Take it seriously and as a little, well more of a huge bonus, getting into mechanically better positions can often improve the numbers you can lift without actually getting stronger! Just through better mobility facilitating your ability to express your existing strength you may well lift more, with less risk of getting hurt. What’s stopping you?

What Causes Trigger Points and Tight Muscles?


Both have the same contributing factors including training, flexibility, movement patterns, posture, nutrition, hydration, rest, stress, and other lifestyle factors. Our bodies learn to compensate for what we throw at them every day, but we can exceed our ability to recover via too many intense workouts, poor posture, and other lifestyle factors.


This is when you need assistance using recovery techniques or through seeing a professional. If you lived a perfect life with everything in balance, you would theoretically never have either of these conditions, however I’ve yet to meet this lucky person.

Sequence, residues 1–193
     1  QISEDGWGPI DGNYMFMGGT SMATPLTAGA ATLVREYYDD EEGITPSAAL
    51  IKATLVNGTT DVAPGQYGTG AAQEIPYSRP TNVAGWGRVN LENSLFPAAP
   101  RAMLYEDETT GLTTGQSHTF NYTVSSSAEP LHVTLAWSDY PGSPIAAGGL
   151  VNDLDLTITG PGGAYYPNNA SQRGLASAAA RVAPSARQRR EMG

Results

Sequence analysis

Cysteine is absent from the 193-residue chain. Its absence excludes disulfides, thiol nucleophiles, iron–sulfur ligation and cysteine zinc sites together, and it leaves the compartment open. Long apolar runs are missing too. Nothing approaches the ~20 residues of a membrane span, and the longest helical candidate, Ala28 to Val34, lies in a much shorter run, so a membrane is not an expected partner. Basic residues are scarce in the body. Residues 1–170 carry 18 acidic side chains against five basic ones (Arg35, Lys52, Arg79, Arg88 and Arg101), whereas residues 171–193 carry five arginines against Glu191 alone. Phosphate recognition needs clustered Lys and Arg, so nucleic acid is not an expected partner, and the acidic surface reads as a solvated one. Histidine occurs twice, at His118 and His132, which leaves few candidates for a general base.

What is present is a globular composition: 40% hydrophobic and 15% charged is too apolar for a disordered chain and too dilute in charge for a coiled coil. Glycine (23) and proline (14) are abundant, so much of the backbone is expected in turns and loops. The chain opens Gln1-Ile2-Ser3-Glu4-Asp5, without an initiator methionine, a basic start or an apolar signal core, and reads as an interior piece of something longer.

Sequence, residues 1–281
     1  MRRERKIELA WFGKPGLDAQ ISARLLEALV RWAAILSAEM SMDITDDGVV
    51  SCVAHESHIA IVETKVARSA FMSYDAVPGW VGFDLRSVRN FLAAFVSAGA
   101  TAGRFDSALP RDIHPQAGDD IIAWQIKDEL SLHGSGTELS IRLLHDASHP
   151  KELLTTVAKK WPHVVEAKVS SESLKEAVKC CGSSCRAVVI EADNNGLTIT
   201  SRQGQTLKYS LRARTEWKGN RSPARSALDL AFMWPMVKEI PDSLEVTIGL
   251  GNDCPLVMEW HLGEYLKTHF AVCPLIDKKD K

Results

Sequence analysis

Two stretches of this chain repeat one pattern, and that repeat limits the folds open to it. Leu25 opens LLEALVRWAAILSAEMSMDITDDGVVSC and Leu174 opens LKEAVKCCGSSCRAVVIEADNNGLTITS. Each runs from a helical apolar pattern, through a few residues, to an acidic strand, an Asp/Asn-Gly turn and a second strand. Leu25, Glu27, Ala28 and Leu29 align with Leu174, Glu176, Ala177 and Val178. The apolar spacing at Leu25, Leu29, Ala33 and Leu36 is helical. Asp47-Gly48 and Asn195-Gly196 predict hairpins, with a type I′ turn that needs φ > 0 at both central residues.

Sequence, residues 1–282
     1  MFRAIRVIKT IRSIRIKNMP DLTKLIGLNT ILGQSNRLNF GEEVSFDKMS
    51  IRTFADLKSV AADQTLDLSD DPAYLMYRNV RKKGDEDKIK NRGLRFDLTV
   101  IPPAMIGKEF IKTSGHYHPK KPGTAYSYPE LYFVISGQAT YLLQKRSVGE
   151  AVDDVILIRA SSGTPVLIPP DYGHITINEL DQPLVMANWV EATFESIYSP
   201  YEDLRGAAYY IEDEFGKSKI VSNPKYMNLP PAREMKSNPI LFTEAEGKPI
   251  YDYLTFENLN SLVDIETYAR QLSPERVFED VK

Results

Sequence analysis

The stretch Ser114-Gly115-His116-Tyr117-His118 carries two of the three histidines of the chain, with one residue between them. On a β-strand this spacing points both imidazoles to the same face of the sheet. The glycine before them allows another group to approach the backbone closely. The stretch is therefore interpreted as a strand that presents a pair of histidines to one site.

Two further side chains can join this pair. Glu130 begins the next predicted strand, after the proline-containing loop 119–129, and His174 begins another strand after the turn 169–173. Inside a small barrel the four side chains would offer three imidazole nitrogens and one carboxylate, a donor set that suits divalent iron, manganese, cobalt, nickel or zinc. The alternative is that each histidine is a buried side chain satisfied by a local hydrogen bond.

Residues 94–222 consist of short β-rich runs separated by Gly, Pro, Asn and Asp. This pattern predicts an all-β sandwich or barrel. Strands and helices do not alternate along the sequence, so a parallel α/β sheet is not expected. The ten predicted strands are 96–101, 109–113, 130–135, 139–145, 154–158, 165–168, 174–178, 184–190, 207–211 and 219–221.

Credit –


Take a look at this from Tom Mayes, a great warm up and mobility stretch.


How Your Pelvis & Shoulder Are Linked

Biomechanically the pelvis and shoulder are linked. This is what is referred to as a Myofascial sling.

The hamstrings starting from the tibia then insert into the Ischial tuberosity. This then continues along as the Sacro-tuberous ligament and then through the thoraco-Lumbar fascia. This then continues to the Latissimus dorsi which then inserts into the opposite scapula and humerus.


Therefore your Hamstrings actually attach to your arms!!!

So....if there is tension through this sling caused from a rotated pelvis, then the infraspinatus (a muscle on the scapula) can go into spasm and so prevents the biomechanical function of the shoulder. This is a common cause of shoulder injuries.

In order to reduce risk of shoulder injuries the pelvis must be in good biomechanical shape.

Therefore if you have shoulder pain, then you will need to have your pelvis assessed.

I'm really not going crazy if I assess your pelvis before looking at your shoulder!

Credit - the body mechanic